so. Feedlot means a lot, yard or corral where
    livestock is confined for the purpose of feeding
    and growth prior to slaughter. Pastures, hayfields
    or cropfields where animals are allowed
    to graze are not considered feedlots.

    Regarding roads....
    Private Property Highway or Right-of-Way Fence Ditch Roadway (includes shoulder) SHOOTING RIFLE OVER WATER OR HIGHWAY.
    You cannot shoot any rifle on or over any
    of the public highways or waters of the state
    or any railroad right-of-way. You cannot discharge
    a shotgun shooting a slug, pistol or
    revolver on or over a public roadway.
    Additionally, no person shall discharge a rifle,
    including a muzzleloading rifle or musket, or a
    handgun from a highway; or discharge a shotgun
    shooting slugs from a highway north of U.S.
    Highway 30, while deer hunting.
    “Roadway” means the portion of the highway
    improved, designed or ordinarily used for
    vehicular travel, including the shoulder.
    “Highway” means the entire width between
    property lines, from fenceline to fenceline (includes
    the ditches).



    Short answer to the OP, every state is different, know the laws, use common sense, know your target and what is beyond.
     
    Last edited: Sep 18, 2019
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  7. 1976B.L.Johns.

    1976B.L.Johns. Member

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    Bingo!
     
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  8. jmorris

    jmorris Member

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    It’s not what’s near you, it’s where you are shooting. I have fired at animals from inside my house. Open up the door first of course and don’t fire if a bullet is going to leave your property or endanger anyone on your property.

    Firing from an elevated position is a good place to start though.
     
  9. earlthegoat2

    earlthegoat2 Member

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    You have to be aiming pretty steeply downward to prevent bullet skips on normal soil. Crop fields and swamp land are different and usually will do a pretty good job of at least significantly slowing down a projectile.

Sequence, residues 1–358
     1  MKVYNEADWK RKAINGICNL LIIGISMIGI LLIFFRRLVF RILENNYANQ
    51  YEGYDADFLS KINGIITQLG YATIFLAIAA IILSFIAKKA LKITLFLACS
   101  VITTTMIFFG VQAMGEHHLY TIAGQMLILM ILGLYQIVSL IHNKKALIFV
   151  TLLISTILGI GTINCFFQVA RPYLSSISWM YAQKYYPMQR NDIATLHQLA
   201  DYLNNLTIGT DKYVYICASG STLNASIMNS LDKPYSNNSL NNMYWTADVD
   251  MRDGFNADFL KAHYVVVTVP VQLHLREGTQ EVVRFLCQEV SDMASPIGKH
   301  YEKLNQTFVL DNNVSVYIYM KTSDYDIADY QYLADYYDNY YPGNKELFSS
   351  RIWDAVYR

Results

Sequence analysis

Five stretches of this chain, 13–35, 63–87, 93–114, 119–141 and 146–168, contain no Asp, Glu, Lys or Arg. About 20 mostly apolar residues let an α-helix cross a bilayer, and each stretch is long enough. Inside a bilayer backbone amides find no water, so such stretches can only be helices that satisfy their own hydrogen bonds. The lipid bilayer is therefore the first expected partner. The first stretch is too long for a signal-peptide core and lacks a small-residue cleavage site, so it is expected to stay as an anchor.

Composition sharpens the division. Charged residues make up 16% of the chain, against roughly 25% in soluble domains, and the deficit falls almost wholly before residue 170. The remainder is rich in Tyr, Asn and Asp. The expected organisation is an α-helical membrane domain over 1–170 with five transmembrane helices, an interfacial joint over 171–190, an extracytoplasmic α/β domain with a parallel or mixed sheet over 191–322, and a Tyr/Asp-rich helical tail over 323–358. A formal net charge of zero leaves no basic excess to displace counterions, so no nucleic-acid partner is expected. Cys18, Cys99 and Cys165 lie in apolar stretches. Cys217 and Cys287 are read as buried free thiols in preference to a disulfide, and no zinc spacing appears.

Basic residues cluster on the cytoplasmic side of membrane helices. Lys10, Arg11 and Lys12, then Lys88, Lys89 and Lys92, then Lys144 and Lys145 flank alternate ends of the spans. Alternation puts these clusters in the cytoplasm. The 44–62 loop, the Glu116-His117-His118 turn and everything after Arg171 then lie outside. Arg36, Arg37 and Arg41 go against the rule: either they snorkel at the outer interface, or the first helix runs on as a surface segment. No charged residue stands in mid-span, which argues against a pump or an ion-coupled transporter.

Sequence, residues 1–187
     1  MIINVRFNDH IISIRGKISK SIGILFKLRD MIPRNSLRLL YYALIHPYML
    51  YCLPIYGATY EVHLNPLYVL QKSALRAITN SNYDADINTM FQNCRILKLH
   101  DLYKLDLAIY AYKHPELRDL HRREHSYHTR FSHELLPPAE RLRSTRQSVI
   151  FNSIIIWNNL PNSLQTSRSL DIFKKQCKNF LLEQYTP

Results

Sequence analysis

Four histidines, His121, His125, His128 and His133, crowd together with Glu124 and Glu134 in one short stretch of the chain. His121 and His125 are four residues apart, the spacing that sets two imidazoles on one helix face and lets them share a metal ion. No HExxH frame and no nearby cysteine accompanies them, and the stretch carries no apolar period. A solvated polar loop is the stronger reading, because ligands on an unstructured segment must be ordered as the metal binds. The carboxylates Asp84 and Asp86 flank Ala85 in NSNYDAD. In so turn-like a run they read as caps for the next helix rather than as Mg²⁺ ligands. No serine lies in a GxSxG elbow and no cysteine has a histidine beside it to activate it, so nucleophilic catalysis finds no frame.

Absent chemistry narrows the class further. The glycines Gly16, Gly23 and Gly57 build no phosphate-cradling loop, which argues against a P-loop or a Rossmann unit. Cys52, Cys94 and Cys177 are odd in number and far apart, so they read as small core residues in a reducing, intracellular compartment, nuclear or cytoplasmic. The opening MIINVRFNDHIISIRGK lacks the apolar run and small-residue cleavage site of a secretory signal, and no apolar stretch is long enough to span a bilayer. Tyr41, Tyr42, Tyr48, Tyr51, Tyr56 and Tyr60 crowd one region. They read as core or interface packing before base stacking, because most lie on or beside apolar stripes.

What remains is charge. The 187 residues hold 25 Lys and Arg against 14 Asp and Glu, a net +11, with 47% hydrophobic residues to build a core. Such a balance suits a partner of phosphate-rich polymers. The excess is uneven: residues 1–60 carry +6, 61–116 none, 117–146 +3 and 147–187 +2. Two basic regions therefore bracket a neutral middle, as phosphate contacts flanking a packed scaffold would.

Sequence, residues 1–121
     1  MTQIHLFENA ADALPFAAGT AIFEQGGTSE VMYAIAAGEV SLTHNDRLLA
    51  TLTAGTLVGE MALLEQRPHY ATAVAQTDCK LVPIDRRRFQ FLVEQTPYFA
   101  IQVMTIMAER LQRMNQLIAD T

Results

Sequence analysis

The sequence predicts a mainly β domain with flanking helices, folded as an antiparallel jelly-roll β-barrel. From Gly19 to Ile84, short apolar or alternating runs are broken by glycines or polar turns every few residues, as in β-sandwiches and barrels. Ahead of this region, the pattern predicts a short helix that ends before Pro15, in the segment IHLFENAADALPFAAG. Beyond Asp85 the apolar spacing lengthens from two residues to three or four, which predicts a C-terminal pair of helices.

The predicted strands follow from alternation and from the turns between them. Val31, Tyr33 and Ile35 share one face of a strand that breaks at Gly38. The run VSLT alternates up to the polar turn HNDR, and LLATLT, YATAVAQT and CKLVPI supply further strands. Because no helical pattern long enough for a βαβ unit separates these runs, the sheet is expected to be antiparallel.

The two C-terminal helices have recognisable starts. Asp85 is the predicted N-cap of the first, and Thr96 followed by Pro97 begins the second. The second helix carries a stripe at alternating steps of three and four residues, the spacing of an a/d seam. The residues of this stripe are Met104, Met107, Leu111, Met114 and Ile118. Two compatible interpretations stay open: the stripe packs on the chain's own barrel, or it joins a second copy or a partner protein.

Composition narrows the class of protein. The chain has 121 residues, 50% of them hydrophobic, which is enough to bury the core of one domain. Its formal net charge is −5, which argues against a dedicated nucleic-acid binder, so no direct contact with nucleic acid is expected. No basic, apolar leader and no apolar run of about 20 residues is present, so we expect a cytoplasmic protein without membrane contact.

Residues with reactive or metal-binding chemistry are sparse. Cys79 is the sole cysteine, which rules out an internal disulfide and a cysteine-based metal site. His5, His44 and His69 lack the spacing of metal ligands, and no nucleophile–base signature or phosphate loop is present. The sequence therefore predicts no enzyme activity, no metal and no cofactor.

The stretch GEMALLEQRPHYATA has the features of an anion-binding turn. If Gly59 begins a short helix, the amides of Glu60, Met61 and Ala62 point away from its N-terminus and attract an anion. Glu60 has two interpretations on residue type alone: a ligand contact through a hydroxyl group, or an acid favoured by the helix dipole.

10. Random 8

    Random 8 Member

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    Rifle bullets are funny things and can end up in funny places. Counter-intuitively, your .30-30 RN will likely carry further in real life hunting situations than a .308 150 gr SP. The reason is a combination of expansion and riccochet. The faster bullet will rupture the jacket more and shed more weight, becoming less aerodynamically efficient in an impact with ground or a hard object such as a rock or tree than the .30-30 given a higher impact velocity. In an oblique impact, the higher BC of the spitzer will be a hindrance to flight more than the lower BC of the RN bullet, destabilizing into a tumble much faster. There was a study conducted in Pennsylvania comparing ML bullets, shotgun slugs and rifle bullets, carrying this principle to extremes. Even though the .30 cal high velocity slug had a much greater potential range at optimum trajectory, the other 2 projectiles outdistanced it on level trajectory. I have personally recovered a foster style shotgun slug from my Grandpa's garage siding that covered over 1/2 mile of chisel plowed clay in gently rolling terrain fired on-the-level at a deer. It struck point forward, penetrated the douglas fir car siding and embedded in the rough sawn hardwood underneath.

    The responsibility is basically your own to determine whether you have safe vectors of fire. Google Earth Satellite view with topo layer can be helpful in this. A rule of thumb is at least 1 mile on level, open terrain, level shot angle, +/- 15 deg of shot vector. You can improve your situation with stand/blind placement. Set up so shots are towards heights of ground and/or heavy cover and away from people. Shoot at a downward angle into ground whenever possible. You can also hedge the bullet a bit, by selecting a light for caliber conventional cup and core at a higher velocity and restricting yourself to "clean" boiler room shots. Basically, if you wouldn't be willing to stand at a given distance downrange of your shot, it's a no-go.